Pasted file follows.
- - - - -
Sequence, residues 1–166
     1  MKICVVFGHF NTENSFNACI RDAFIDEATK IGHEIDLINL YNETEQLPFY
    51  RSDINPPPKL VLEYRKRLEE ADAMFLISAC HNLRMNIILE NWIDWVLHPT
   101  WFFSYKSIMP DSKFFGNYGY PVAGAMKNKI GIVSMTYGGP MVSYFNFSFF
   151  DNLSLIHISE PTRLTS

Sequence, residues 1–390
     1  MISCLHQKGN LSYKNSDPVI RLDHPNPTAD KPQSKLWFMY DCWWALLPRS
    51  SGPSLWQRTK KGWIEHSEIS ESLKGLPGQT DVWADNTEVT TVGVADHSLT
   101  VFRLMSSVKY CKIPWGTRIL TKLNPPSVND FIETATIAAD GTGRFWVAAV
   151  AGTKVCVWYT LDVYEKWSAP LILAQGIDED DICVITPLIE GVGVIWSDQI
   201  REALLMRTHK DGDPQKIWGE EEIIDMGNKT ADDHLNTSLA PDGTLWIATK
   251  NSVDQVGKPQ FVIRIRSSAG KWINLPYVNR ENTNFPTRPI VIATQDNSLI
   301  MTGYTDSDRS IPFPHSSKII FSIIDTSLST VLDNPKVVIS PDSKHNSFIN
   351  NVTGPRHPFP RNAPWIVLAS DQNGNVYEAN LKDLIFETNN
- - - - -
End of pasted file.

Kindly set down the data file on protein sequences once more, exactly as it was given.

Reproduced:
Sequence, residues 1–166
     1  MKICVVFGHF NTENSFNACI RDAFIDEATK IGHEIDLINL YNETEQLPFY
    51  RSDINPPPKL VLEYRKRLEE ADAMFLISAC HNLRMNIILE NWIDWVLHPT
   101  WFFSYKSIMP DSKFFGNYGY PVAGAMKNKI GIVSMTYGGP MVSYFNFSFF
   151  DNLSLIHISE PTRLTS

Sequence, residues 1–390
     1  MISCLHQKGN LSYKNSDPVI RLDHPNPTAD KPQSKLWFMY DCWWALLPRS
    51  SGPSLWQRTK KGWIEHSEIS ESLKGLPGQT DVWADNTEVT TVGVADHSLT
   101  VFRLMSSVKY CKIPWGTRIL TKLNPPSVND FIETATIAAD GTGRFWVAAV
   151  AGTKVCVWYT LDVYEKWSAP LILAQGIDED DICVITPLIE GVGVIWSDQI
   201  REALLMRTHK DGDPQKIWGE EEIIDMGNKT ADDHLNTSLA PDGTLWIATK
   251  NSVDQVGKPQ FVIRIRSSAG KWINLPYVNR ENTNFPTRPI VIATQDNSLI
   301  MTGYTDSDRS IPFPHSSKII FSIIDTSLST VLDNPKVVIS PDSKHNSFIN
   351  NVTGPRHPFP RNAPWIVLAS DQNGNVYEAN LKDLIFETNN